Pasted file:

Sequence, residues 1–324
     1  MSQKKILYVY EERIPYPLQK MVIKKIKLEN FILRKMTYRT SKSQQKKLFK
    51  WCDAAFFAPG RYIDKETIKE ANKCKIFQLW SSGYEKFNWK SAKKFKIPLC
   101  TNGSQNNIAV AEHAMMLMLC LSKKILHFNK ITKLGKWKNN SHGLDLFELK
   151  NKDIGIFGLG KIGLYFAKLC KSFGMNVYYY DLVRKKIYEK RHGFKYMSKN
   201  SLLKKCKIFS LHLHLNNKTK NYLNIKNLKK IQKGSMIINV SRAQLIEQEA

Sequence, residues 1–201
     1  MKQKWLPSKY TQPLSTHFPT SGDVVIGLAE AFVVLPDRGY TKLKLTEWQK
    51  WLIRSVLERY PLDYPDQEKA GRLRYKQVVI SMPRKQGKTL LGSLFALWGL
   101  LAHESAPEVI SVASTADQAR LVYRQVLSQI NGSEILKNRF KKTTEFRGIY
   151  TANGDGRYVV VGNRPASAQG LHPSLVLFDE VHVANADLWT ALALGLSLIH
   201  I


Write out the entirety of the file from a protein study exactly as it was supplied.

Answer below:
Sequence, residues 1–324
     1  MSQKKILYVY EERIPYPLQK MVIKKIKLEN FILRKMTYRT SKSQQKKLFK
    51  WCDAAFFAPG RYIDKETIKE ANKCKIFQLW SSGYEKFNWK SAKKFKIPLC
   101  TNGSQNNIAV AEHAMMLMLC LSKKILHFNK ITKLGKWKNN SHGLDLFELK
   151  NKDIGIFGLG KIGLYFAKLC KSFGMNVYYY DLVRKKIYEK RHGFKYMSKN
   201  SLLKKCKIFS LHLHLNNKTK NYLNIKNLKK IQKGSMIINV SRAQLIEQEA

Sequence, residues 1–201
     1  MKQKWLPSKY TQPLSTHFPT SGDVVIGLAE AFVVLPDRGY TKLKLTEWQK
    51  WLIRSVLERY PLDYPDQEKA GRLRYKQVVI SMPRKQGKTL LGSLFALWGL
   101  LAHESAPEVI SVASTADQAR LVYRQVLSQI NGSEILKNRF KKTTEFRGIY
   151  TANGDGRYVV VGNRPASAQG LHPSLVLFDE VHVANADLWT ALALGLSLIH
   201  I